Examples of Synoptic Date Blocking

  • Targets to be observed on specified dates:

      The visit dates of date-specified targets can be controlled with the SYN Dates parameter of the target list. If you wish the target to be observed on the civil night beginning May 2, 2020 then submit a target list with the SYN Date set to =20200503 (NOTE the change to UT date). This lets the RA know that this is the ONLY date that the target should be observed.

      You can further restrict the time of observation by invoking the Azimuth Restriction parameter of the target list. This instructs the RA to observe the target ONLY in its east or west track. To help prevent that being overlooked (as it is an infrequently used feature), state "East Only" or "West Only" near the beginning of the Comments field of the target list as well.

  • Targets to be observed in a strongly structured cadence:

      For a situation with e.g. orbital or pulsational phase filling, there are two approaches. The first first predates the enhanced TSL submission software. You would have to submit all of the visit window possibilities for each visit, having first eliminated any visits which are unfeasible by means of the observability tools.

      E.g., if you need one visit on any one of the following UT dates May 2, May 10, May 15; and two visits on any two of the following UT dates: May 3, May 11, May 16, and May 23, then create two targets, one single-visit with the SYN Dates entry being =20200502,=20200510,=20200515 ... and one double-visit with the SYN Dates entry being =20200503,=20200511,=20200516,=20200523.

      While the potential to submit or retract batteries of date-specific SYN Dates targets is unlimited, it takes a good deal of PI activity continually to rejig the target list in such a way, as visits are executed or bypassed, compounded by size of the program. By this point reconsider whether the automatic phase-blocking software offers a better solution.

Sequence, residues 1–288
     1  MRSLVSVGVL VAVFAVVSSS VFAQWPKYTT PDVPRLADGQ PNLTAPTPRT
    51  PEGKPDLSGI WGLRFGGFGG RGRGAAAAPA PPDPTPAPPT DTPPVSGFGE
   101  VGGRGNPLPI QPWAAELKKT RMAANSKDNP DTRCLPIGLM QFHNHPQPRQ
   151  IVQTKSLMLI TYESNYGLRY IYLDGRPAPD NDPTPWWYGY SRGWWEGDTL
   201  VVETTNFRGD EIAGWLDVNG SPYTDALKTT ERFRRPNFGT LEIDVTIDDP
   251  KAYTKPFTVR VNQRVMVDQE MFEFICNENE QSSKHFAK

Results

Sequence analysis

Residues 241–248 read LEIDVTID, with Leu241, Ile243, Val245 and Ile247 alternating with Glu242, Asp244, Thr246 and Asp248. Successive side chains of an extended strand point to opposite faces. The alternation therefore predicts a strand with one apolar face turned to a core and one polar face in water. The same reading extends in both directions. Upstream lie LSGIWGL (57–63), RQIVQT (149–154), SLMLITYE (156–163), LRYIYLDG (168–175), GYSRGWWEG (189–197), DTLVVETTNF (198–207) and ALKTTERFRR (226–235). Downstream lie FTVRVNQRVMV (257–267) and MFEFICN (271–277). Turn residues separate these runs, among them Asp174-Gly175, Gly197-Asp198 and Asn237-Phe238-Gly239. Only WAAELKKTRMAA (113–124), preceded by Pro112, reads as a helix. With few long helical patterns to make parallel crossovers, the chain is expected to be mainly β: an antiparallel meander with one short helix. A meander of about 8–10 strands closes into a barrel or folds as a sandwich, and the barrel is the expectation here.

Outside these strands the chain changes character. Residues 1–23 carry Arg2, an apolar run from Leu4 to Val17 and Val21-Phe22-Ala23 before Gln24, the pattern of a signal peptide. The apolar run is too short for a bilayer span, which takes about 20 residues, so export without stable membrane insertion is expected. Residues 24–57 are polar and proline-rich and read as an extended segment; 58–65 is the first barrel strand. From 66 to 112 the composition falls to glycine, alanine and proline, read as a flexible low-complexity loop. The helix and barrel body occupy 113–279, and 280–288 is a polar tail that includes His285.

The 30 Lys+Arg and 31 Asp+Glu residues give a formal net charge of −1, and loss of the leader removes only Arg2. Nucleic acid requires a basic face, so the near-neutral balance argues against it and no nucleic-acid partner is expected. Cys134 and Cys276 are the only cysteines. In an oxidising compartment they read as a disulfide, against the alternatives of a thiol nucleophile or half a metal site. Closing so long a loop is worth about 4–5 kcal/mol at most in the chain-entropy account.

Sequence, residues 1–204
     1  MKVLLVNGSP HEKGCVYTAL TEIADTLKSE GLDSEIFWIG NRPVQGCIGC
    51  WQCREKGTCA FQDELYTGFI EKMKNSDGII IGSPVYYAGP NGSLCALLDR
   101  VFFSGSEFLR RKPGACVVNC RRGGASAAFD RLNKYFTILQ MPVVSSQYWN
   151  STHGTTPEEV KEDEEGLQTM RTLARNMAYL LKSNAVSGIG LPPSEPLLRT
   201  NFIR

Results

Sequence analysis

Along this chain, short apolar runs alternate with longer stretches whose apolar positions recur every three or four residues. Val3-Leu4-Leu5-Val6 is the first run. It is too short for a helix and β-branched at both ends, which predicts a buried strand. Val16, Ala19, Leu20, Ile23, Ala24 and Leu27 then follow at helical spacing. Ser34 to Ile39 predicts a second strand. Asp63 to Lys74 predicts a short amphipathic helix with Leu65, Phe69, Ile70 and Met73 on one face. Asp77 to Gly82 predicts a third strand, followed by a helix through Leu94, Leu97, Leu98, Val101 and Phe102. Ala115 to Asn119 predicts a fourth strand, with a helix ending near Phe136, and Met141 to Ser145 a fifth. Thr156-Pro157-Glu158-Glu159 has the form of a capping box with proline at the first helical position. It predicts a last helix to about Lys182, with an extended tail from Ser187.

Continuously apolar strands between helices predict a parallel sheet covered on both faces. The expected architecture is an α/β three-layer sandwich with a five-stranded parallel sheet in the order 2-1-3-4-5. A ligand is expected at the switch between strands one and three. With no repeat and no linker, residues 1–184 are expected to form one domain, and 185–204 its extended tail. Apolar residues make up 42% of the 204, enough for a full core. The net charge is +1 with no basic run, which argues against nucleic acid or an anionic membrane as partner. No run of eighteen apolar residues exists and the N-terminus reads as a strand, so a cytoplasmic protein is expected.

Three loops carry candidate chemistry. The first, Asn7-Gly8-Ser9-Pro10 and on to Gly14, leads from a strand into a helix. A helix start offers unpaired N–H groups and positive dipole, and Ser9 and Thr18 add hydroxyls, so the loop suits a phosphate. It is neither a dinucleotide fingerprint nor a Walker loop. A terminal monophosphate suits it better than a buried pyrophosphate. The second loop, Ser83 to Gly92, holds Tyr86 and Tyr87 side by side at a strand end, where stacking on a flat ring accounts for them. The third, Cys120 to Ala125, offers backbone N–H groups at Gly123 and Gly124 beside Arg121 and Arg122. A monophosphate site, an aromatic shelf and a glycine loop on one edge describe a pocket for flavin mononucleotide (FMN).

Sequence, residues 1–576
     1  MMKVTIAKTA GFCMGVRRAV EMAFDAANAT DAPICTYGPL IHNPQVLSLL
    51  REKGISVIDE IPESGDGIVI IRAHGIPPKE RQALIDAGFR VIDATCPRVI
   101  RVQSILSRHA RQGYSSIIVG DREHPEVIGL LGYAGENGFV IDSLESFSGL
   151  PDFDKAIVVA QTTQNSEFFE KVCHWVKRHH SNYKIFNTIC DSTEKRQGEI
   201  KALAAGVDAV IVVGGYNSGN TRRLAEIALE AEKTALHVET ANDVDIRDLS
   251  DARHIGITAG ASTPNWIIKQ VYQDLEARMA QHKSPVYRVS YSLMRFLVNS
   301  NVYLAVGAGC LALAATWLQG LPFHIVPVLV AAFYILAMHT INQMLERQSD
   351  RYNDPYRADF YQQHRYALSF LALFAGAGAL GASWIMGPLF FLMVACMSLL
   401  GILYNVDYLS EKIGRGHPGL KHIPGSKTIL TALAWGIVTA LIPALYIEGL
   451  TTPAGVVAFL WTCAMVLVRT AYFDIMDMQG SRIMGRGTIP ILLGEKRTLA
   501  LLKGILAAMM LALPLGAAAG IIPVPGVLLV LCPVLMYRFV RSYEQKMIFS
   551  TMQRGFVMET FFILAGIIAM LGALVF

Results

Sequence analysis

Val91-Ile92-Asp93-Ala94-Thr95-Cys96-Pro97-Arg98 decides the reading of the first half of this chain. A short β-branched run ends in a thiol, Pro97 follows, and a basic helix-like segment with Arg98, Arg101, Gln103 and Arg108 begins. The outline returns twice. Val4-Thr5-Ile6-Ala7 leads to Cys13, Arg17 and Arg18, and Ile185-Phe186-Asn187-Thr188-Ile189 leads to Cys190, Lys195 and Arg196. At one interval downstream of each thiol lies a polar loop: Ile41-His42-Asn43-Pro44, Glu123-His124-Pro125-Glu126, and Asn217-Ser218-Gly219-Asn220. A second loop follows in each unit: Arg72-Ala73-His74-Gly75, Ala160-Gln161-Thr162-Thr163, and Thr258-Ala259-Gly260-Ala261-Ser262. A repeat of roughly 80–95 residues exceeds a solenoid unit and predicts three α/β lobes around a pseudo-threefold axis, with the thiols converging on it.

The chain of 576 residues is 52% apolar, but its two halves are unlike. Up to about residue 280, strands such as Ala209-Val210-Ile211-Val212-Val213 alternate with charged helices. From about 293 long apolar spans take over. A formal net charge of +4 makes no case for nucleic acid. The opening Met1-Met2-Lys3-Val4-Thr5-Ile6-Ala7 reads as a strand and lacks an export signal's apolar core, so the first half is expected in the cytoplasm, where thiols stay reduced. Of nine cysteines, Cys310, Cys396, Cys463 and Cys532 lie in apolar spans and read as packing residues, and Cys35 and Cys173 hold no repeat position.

• Targets to be observed in a partly structured cadence:

      Set the SYN frequency entry in the target list to be RAND#-# where # are given in days. That sets the strict minimum cadence interval and a target for the maximum cadence interval. The RA will add a value within the RAND frequency range to the current UT date and place that in the SYN Dates entry of the target list. For example: If we observe a target on 20200301 that has a SYN frequency of RAND5-10, then the RA will update the SYN frequency to be >20200306 and the target will be synoptically blocked until 20200305. The PI should note that given the competition with other targets, and the progression of observing conditions and moon phases, there is no guarantee that the maximum spacing will not be exceeded. However the RA modified priority tactic increasingly strongly flags synoptics that overshoot their cadence upper bound, so there is partial feedback. The use of a minimum frequency of 0 will suggest to the RA that it is fine (but not required) to observe the target twice in a night (once in the East track and once in the West track). For targets far in the north or south which only have 1 track please use a minimum frequency of 1 or contact the RAs for more help.

  • Targets to be observed with minimally structured cadence:

      Letting the RA observe your targets when the conditions and TAC priorities warrant, will produce a fairly random sampling cadence within the bounds set by the annual rate of access to different sidereal times and by trimester discreteness. You can influence the cadence by explicitly setting the bounds to the range of target visit dates. The PI effects this via the SYN Dates and Comments entries of the target list. E.g., if a target should be observed within the window Mar 1-5 2020, civil date, inclusive, then the SYN Dates parameter should be >20200302-20200306 or >20200302,<20200306. (Note the change to UT date).

  • Targets with a known periodicity and explicitly intended phase coverage:

      For some programs it is desirable to achieve a particular phasing of observations, with respect to a known periodicity cycle. Examples are: observing only at selected phases (such as extrema), observing only away from selected phases (such as avoiding light minima), or observing so as to approximate a quasi-uniform phase coverage. See the phase-blocking (phase-filling) software discussion.

    Remember: making a target synoptic by invoking any of the abovementioned parameters will result in the target status being activated only in the provided date window, and being software-BLOCKED for the entire trimester duration outside that window.

    Last updated: Sun, 05 Aug 2012 03:53:49 -0500 caldwell

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